[Note.—Variṣṭhaḥ, the best, the teacher. That is during the time when he is not in Asamprajñāta-Samādhi, he teaches others as well as is active in the performance of good deeds.]

Madhva’s commentary called the Bhāṣya:

The true Jñānin, called here vidvān, is kriyāvān, performs all duties and works off his prārabdha. This Lord Hari manifests or shines forth as Prāṇa, the Prime worker, in all the activities of the Devas like Indra &c, who preside over the various organs of the human body. The Jñānin therefore, realises that all his activities are primarily of the Lord, and he then says, “I am not an independent worker, but the real agent is Hari.” When he realises this, he does not become an ati-vādi—does no longer say “I am the agent.” On the contrary, he now begins to see in the functioning of all his senses and organs, the play of the Lord, the Lilā [Līlā?] of Hari, and thus he becomes Ātmakrīḍa, one who is absorbed in the contemplation of the graceful sports of the Lord of all sports. In his own body and in the universe, he sees the sport of the Lord—as He creates, preserves and destroys it. Thus absorbed in the dhyāna of the Lord, he attains the state of Samprajñāta-Samādhi. This leads naturally to the next stage; the Asamprajñāta-Samādhi—for the contemplation of the works of the Lord Ātmakrīḍa merges into Ātmarati—the self-oblivion resulting from the vision of the Divine—the pleasure of enjoying the Self. When one becomes unconscious of external objects, one is said to be in Asamprajñāta-Samādhi.

When such a Jñānin is not in this state of Asamprajñāta-Samādhi, then he is always active, always kriyāvān, always performing pūjā of the Lord, engaged in prayers and worship. Not only this, he explains to others the sacred books of the Lord, he becomes a teacher among seekers of Brahman.

Note.—The last verse showed that the Sañcita and Āgāmin karmas of the Aparokṣa-jñānin are destroyed: hut he goes on enjoying or suffering the good or bad effects of Prārabdha karmas. During this period, before his prārabdha is exhausted, does he do any act or not? This verse answers that question. It shows that he works (kriyāvān); he performs prārabdha acts only. Not only this, he is active in teaching those who are inferior to him. This is possible when he is out of Ātmarati trance. The Jñānin is not a self-centered egoist like many of the present day pretenders of that name.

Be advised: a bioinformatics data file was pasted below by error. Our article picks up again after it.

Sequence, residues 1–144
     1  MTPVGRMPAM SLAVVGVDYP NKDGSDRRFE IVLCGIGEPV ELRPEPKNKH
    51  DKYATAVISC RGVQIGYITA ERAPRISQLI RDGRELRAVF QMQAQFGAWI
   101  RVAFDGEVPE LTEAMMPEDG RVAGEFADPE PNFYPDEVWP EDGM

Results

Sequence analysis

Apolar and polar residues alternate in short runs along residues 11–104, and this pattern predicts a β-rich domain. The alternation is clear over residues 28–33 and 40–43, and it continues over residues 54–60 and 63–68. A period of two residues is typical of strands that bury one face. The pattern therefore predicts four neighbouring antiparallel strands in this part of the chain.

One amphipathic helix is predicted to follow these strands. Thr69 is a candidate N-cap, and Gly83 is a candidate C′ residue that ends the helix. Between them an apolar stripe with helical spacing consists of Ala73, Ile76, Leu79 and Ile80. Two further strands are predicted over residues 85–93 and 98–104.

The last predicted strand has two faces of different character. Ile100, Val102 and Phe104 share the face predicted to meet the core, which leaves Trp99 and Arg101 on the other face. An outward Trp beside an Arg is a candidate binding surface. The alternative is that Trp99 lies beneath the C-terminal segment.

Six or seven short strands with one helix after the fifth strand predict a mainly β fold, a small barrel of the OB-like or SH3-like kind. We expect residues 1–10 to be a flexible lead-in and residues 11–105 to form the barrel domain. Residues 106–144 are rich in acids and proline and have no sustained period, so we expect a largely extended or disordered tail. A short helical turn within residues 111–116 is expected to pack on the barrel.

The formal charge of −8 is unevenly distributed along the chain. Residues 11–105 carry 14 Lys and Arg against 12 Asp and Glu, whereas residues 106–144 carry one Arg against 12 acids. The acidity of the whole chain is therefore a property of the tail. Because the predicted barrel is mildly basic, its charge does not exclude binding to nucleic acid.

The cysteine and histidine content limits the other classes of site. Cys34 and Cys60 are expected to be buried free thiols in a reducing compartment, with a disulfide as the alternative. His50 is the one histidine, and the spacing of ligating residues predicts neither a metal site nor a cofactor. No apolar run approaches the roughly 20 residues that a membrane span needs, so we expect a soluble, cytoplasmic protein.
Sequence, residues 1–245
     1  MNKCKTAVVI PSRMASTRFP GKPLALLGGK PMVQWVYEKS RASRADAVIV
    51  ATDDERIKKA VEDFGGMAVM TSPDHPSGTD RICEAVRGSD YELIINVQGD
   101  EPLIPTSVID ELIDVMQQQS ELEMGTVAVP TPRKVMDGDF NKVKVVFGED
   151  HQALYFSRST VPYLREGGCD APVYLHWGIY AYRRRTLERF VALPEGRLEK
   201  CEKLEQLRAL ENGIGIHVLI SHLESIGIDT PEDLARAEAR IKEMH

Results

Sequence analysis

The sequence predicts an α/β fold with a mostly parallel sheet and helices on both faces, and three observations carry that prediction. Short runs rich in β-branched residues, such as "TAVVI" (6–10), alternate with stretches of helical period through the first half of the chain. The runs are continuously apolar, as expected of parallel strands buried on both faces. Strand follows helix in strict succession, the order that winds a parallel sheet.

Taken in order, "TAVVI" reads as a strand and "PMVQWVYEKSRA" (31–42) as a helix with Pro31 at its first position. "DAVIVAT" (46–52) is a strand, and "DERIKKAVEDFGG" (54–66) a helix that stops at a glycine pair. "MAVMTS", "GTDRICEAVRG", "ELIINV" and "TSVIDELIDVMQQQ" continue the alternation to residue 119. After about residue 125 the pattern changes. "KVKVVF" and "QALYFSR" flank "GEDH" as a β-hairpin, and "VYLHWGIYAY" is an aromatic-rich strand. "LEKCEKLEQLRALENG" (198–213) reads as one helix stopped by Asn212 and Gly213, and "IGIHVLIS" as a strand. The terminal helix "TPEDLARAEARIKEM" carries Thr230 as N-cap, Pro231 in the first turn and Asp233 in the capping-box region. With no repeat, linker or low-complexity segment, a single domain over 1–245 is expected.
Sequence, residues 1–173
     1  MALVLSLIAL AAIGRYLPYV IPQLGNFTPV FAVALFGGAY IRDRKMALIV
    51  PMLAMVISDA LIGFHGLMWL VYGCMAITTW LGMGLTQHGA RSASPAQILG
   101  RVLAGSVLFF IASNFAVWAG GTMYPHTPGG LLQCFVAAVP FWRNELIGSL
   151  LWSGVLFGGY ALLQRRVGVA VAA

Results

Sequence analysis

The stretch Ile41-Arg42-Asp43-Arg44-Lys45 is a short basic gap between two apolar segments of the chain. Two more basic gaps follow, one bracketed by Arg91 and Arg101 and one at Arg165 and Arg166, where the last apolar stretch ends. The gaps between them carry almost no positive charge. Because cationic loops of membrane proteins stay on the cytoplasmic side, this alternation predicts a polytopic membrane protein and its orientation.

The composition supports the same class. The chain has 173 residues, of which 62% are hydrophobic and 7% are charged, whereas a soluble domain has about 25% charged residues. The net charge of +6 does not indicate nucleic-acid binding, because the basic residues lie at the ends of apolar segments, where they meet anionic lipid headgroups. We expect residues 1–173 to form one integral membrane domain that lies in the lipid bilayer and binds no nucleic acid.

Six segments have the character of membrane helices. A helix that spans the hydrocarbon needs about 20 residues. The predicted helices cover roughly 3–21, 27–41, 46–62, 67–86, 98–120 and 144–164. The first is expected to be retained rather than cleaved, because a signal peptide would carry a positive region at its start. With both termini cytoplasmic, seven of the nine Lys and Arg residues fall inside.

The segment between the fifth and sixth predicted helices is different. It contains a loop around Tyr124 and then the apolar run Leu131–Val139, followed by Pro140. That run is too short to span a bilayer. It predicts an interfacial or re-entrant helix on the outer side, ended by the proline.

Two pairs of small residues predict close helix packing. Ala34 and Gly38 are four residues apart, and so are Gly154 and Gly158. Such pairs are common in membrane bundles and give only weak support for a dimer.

Mantra 3.1.5.

5. By truthfulness is to be gained verily this Ātmaic bliss, by penance and right knowledge and constant practice of self-control. He, whom the faultless devotees see, is verily in the midst of the body, full of light and pure.—48.

[Note.—Satyena, by truthfulness. Truth is that which conduces to the greatest welfare of the good.]

[Note.—Labhyaḥ, is to be obtained or gained. That is, the direct vision or aparokśa is to be gained by truth, etc. The Beatitude is to be obtained by truth, etc.]

[Note.—Tapasā, by penance, performing properly the duties of one’s stage of life and caste, and constantly thinking about and meditating on the Lord. The three-fold tapas consisting in worshipping the Devas, the Regenerates, the Guru and the Wise, with thoughts, words and deed.]